Mar 13, 2009

Read a book or watch television?

TV graph

I heard recently that a sister wanted to read more, and my encouragement to her was “wonderful, keep reading and stop watching TV”


The following summary is from Dr Benjamin Spock on television.

Judge for yourself whether TV is good or not:


Television's Impact on Your Child

Consider these statistics: Young people spend more time (an average of 23 hours a week) watching television than in any other activity except sleeping. The average child today will have watched an estimated 7 to 10 years of television by the time they are 70 years old.

A Distorted Sense of Reality
We are leaving our children in the care of an electronic baby-sitter for 23 hours of every week.

This "Sitter" Tells our Children:

  • That violence is an acceptable way to solve problems.
  • That sex is especially exciting when it occurs without love and, besides, there are no real negative consequences anyway.
  • And that owning the latest products is a measure of success and happiness.

There seems to be very little similarity between the world the electronic baby-sitter is selling to our children and the world we would like to see.

Little Educational Value

Of all the media, television has the most pervasive influence on children. There is no question that some programs, usually on the public broadcasting stations, provide wonderful learning experiences for children.

These are the programs that educate in a fun way, that teach values of caring and kindness, and that appeal to the child's higher instincts.

Unfortunately, these shows are in the minority. Most children's television is meant to sell products and engage the child's attention through fast-paced, often violent buffoonery.

TV Promotes Passivity and a Lack of Creativity

Television tends to promote passivity and a lack of creativity. Watching TV requires zero mental activity on the viewer's part.

You simply sit and let the images flow by.
This is very different from reading, which forces you to use your imagination. The viewer becomes a passive receptacle for whatever images the TV chooses to display. Some believe that this sort of non-participatory viewing impairs children's ability to learn to read and fosters a short attention span.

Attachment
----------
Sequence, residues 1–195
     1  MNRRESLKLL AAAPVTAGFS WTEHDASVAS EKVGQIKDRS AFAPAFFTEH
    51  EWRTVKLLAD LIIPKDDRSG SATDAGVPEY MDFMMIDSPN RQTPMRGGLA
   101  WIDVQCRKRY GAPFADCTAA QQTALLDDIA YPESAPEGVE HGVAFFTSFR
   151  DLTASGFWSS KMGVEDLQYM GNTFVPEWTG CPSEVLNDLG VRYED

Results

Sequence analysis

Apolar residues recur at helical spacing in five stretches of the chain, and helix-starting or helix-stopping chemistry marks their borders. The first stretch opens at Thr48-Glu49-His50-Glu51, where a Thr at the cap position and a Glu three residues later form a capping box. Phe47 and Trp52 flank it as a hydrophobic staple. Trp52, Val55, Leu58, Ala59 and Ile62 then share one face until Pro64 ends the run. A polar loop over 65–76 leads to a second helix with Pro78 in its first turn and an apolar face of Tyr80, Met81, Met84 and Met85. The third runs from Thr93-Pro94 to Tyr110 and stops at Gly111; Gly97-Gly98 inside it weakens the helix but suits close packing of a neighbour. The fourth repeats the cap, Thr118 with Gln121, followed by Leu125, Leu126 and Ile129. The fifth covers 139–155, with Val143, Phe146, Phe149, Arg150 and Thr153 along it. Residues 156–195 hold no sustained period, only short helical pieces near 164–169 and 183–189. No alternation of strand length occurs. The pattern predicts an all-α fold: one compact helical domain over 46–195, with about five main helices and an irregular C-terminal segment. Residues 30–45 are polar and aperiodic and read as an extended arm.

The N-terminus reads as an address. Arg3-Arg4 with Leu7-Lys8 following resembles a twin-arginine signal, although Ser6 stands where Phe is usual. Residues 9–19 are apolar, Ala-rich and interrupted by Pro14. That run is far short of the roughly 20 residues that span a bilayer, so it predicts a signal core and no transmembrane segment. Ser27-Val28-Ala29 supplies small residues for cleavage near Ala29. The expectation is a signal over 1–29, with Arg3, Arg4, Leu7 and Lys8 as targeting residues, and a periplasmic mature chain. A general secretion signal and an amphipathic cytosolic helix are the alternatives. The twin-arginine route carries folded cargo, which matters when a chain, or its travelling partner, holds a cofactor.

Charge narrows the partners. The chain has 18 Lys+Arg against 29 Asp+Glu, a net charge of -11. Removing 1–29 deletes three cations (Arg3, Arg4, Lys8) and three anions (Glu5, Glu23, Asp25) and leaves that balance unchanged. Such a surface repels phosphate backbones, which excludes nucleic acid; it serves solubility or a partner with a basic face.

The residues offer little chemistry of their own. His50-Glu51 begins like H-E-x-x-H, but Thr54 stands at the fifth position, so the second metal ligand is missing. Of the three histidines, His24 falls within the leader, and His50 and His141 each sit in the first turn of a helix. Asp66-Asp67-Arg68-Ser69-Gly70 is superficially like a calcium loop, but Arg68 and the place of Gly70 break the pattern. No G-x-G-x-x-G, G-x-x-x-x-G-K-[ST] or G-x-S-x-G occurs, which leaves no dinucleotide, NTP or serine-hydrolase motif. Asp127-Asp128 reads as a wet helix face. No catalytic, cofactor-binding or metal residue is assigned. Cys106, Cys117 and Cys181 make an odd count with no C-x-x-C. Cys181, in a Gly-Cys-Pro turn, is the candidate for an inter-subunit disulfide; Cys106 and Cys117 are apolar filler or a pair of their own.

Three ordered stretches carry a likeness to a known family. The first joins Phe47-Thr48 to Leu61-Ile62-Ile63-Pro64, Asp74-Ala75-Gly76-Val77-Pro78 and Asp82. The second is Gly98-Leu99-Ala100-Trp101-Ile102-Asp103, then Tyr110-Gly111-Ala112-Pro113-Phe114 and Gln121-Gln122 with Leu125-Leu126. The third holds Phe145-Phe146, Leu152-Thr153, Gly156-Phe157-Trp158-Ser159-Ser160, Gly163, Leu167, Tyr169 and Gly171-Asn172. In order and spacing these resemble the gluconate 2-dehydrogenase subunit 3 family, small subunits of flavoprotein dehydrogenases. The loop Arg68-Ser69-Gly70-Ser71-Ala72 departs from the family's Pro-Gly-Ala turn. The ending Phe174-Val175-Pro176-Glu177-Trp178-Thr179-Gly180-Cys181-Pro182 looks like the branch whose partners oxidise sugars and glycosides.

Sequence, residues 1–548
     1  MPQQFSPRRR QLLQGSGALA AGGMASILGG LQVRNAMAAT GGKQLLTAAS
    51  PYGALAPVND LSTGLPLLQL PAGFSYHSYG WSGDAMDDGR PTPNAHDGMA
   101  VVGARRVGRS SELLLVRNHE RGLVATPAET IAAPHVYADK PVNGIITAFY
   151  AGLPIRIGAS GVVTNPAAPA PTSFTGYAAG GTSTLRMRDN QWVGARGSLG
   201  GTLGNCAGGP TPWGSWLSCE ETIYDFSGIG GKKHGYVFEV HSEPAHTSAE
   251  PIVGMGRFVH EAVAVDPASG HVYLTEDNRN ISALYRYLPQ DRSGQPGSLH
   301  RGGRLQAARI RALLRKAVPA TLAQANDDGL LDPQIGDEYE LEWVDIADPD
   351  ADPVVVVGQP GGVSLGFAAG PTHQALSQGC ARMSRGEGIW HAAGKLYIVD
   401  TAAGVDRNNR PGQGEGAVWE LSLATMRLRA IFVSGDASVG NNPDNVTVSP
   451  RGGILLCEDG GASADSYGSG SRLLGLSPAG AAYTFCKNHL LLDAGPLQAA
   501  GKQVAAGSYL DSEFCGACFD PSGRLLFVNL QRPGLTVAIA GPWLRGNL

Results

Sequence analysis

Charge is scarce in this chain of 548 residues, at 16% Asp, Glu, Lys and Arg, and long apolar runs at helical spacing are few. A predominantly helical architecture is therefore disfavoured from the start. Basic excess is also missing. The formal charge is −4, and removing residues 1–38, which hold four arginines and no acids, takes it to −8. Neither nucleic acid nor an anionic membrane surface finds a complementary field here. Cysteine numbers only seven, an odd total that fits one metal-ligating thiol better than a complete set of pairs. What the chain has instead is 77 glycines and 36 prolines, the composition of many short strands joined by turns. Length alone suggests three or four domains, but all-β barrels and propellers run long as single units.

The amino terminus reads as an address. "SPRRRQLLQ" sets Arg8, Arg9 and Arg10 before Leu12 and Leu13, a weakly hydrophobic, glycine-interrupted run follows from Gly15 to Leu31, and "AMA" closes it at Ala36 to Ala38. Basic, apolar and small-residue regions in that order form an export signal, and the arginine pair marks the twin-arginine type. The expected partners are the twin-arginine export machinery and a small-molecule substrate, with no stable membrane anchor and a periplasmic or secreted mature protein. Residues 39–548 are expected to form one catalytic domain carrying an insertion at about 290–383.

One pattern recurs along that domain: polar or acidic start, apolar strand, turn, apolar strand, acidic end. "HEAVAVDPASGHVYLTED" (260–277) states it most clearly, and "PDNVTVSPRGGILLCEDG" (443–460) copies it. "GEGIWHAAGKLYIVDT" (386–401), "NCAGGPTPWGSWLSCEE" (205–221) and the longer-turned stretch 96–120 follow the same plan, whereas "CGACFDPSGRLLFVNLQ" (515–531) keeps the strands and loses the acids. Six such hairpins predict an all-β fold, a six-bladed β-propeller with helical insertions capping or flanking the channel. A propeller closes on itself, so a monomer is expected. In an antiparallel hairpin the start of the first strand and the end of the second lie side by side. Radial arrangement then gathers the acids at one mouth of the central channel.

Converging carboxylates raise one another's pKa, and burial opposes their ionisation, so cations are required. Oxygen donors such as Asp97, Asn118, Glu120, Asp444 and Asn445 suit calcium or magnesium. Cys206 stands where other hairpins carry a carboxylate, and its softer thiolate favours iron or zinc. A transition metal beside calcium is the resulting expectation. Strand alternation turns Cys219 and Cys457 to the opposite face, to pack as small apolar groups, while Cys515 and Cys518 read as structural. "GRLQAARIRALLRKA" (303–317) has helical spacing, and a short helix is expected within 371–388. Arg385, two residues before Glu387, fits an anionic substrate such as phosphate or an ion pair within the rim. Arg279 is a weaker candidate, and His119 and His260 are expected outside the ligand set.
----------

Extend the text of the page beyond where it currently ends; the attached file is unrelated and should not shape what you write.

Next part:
Television's Effect on Your Child's Behavior

According to what is known as social learning theory, one of the most effective ways to teach children certain behaviors is through observation and imitation -- a process known as modeling. This is commonly seen as children model themselves after their parents.

Unfortunately, many children spend a great deal of time "observing" television, and television generally depicts behaviors that we, as parents, would not like our children to imitate.

As an example, studies have shown that certain susceptible children are more likely to behave aggressively if they spend time viewing violence on television.

This discredits an earlier theory about television (known as the catharsis theory), which suggested that watching violence on TV could decrease a child's tendency toward behaving aggressively in real life. We now know that this is clearly not true.

Nutrition and Exercise

Children who spend time watching TV instead of running, jumping and playing are much more likely to be overweight. Not only are they saturated with commercials generally promoting unhealthy, sugary and fatty foods, but they also tend to snack more while watching TV than they would otherwise.

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